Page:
The political impact of Mongol rule was much more significant on the Chinese than it was on the Russians. Fundamentally, the Mongols were nomadic and the Chinese and Russians sedentary. Led by Genghis Khan and motivated by very real economic means, the Mongols established the largest land empire ever known. China lies just south of Mongolia, and was ruled directly by the Mongols. By great contrast, Russia was a cold, more resource-poor area that was ruled by a number of independent princes.
The Mongols did not rule them directly but rather, upon defeating them, let them be so long as they remained under Mongol control and paid taxes to the Mongols. The Mongols allowed them to continue to practice Christianity and let the princes maintain rulership in most respects. In China the Mongols defeated the imperial armies and established themselves as direct rulers. Civil service exam became less important and Mongol rulers taxed the people heavily.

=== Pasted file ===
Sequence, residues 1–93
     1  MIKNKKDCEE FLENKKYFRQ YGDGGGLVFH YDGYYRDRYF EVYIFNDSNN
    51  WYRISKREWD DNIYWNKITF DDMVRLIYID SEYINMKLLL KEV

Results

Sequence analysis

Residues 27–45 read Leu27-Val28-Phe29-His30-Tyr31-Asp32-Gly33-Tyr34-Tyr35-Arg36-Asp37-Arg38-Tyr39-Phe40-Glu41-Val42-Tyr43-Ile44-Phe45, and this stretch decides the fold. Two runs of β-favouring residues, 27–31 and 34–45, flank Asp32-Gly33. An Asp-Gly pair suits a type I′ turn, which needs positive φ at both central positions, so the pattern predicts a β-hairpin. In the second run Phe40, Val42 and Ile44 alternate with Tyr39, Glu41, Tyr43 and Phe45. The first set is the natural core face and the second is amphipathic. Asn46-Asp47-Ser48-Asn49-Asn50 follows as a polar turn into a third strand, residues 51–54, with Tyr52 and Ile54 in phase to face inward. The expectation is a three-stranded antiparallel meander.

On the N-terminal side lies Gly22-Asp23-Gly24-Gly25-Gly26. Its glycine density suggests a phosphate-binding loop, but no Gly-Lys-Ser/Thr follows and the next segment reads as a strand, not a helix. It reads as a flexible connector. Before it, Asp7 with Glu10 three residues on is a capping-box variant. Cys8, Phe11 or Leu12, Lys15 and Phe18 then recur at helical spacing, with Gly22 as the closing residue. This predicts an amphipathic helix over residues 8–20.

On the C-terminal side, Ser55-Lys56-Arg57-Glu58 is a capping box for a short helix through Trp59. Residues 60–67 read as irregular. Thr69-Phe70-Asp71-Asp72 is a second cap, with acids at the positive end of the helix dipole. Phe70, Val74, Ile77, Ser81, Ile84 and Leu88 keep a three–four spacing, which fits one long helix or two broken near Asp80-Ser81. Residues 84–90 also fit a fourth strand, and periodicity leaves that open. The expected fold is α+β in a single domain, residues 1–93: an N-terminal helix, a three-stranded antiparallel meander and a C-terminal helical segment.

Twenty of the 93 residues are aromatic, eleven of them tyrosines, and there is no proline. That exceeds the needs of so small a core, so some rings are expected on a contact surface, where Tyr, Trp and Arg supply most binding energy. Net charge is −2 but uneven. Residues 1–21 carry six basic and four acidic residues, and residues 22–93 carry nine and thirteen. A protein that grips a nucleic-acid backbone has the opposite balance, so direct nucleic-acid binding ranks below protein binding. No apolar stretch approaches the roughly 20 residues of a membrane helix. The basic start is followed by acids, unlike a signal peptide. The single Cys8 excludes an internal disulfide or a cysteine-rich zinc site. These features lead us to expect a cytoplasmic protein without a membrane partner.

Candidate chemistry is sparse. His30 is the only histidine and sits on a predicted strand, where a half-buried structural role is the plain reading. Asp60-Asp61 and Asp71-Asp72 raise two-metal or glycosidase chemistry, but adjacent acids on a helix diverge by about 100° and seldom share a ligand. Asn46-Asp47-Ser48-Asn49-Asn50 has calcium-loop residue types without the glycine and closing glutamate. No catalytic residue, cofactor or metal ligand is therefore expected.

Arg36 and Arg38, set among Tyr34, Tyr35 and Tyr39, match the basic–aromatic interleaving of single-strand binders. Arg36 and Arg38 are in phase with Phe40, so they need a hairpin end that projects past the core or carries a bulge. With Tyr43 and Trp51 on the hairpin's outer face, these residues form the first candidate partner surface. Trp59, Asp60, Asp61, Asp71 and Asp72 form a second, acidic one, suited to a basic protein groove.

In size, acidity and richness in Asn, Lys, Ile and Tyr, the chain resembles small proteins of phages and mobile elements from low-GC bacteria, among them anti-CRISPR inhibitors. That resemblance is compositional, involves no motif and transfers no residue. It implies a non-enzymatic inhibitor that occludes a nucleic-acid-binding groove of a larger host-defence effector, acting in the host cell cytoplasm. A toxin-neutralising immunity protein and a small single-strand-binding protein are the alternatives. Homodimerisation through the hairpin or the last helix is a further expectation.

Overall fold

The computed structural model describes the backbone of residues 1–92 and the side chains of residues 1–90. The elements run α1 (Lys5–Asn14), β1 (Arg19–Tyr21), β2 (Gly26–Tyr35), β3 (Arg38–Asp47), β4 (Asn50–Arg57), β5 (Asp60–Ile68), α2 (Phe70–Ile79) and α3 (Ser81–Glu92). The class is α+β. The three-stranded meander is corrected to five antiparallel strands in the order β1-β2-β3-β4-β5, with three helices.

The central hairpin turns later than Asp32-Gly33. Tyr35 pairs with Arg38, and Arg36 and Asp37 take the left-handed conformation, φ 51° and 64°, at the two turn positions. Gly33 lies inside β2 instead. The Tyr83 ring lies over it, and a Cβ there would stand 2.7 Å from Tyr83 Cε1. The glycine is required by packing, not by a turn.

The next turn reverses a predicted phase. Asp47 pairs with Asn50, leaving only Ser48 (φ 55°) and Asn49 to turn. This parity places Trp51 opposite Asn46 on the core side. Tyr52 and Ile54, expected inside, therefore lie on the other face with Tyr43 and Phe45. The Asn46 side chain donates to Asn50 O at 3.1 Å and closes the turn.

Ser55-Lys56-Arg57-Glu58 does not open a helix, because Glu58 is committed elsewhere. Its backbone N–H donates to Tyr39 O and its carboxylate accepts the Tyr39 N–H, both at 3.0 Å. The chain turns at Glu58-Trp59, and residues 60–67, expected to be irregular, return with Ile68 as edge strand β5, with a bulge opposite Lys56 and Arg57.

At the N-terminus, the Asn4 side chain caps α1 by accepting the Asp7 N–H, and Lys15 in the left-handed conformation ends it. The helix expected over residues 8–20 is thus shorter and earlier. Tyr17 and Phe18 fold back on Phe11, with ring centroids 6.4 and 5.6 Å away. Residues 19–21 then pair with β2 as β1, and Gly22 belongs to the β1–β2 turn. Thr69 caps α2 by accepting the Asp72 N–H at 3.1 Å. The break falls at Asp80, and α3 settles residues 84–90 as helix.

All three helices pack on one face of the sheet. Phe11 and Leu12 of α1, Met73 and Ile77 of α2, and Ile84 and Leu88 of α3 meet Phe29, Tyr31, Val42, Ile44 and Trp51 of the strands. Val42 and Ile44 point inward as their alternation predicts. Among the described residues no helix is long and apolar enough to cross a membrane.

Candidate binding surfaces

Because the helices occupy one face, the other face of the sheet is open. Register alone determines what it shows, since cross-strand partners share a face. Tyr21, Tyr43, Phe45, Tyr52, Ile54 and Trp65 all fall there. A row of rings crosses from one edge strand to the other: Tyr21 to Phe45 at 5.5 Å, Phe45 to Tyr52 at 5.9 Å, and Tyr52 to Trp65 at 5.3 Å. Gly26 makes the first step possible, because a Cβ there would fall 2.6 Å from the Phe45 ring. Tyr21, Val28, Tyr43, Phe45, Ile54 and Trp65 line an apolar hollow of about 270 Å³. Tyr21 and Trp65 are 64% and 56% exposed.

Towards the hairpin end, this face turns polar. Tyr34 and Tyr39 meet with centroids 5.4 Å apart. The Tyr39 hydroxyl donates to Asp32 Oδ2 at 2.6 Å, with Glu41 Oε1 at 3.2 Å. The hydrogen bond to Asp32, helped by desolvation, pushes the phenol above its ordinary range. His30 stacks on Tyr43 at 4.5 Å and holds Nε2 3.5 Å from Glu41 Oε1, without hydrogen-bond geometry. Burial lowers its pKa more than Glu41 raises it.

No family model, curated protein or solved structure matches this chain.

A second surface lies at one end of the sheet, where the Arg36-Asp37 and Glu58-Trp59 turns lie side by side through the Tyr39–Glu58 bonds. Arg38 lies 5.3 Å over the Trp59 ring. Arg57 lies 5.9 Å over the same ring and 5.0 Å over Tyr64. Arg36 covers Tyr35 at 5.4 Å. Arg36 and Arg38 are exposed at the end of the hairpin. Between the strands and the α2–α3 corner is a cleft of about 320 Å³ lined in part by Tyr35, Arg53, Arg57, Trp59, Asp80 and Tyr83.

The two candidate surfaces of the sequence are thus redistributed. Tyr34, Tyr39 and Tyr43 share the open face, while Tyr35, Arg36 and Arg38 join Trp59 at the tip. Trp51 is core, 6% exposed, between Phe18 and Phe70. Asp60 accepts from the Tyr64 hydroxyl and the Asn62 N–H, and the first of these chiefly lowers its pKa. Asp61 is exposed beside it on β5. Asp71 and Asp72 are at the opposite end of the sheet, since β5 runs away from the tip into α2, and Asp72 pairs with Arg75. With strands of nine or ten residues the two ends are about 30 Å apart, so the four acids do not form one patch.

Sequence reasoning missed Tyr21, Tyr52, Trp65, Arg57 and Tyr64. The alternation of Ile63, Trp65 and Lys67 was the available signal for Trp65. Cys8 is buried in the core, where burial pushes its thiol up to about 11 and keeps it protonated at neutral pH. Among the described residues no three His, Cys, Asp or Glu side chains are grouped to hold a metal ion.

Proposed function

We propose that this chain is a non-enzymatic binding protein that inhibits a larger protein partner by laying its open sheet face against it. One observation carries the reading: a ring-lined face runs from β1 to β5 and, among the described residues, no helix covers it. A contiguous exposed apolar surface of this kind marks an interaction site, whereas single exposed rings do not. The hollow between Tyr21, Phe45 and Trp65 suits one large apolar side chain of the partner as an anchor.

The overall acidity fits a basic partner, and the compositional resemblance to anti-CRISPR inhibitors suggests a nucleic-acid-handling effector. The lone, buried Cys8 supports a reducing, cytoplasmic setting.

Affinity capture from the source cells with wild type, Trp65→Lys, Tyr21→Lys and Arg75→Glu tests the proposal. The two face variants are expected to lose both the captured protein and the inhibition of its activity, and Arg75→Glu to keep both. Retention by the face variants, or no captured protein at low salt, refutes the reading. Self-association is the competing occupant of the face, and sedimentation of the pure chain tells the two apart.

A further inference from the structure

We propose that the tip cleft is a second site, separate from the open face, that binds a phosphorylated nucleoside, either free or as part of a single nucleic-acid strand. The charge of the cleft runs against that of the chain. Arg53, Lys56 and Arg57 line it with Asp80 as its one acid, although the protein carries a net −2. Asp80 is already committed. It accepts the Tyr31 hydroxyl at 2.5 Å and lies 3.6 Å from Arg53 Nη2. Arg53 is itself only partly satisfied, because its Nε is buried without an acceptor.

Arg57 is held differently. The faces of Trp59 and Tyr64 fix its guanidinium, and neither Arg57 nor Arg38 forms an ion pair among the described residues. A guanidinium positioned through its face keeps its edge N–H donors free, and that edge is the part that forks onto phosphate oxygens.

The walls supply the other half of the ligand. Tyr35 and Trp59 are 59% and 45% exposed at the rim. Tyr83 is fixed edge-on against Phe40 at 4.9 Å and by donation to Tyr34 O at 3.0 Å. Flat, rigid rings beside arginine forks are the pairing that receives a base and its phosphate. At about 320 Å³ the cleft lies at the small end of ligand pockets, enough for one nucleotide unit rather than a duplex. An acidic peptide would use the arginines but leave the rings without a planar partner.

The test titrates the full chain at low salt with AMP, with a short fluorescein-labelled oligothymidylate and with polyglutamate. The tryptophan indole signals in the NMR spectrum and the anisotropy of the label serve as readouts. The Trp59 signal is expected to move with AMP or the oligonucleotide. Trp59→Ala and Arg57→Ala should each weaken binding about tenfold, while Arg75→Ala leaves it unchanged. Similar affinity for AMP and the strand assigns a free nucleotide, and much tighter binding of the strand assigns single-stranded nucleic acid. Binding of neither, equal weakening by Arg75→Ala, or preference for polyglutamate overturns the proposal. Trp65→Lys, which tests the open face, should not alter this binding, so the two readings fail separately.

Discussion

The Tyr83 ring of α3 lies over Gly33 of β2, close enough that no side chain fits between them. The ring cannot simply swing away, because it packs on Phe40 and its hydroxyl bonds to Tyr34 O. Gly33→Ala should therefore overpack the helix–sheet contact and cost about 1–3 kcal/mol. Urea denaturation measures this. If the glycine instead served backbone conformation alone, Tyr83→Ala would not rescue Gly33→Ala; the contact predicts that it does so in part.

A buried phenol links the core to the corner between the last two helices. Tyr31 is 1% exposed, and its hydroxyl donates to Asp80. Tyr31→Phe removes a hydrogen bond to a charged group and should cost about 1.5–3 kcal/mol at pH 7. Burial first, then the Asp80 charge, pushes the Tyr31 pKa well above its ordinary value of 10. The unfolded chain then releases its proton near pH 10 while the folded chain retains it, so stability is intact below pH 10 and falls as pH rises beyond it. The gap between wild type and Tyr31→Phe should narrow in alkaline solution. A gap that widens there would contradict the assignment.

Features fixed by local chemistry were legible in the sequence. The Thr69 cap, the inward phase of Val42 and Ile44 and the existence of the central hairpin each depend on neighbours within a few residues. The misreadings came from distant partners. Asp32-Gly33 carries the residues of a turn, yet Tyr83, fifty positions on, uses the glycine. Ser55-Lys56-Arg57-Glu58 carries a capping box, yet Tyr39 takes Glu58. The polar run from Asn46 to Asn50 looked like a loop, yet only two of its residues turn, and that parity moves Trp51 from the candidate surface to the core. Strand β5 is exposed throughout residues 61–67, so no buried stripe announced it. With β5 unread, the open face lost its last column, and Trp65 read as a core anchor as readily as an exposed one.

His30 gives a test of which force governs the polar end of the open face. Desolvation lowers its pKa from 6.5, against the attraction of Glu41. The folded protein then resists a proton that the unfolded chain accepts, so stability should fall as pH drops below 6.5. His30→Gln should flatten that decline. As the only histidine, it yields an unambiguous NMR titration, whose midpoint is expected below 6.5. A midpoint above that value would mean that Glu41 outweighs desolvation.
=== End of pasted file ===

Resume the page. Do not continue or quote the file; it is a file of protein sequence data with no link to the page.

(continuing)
It boils down to the fact that the Mongols exerted much more influence over Chinese sovereignty, culture, and policy than they did over the Russians. Economically, the effects were similar. In both regions, the Mongols taxed the populace. The tax was comparable in amount and served the Mongols similarly. Mongol rule, however, did bring some economic boon to the whole region. The Mongol empire established a network that allowed for easier long distance trade, with respect to goods, technology, and ideas.
As early as 1200, the Mongols were experimenting with gunpowder in China and its export via the Mongol empire was good for the Chinese markets. With buyers as far away as the Middle East, trade was facilitated by Mongol maintenance of the larger empire and subsequent peace that allowed for easier trade. Such ease of trade is characteristic of imperialism, established networks and prevailing peace in Asia and the Middle East allowed for such trade. Although being part of the empire, Russia did benefit by…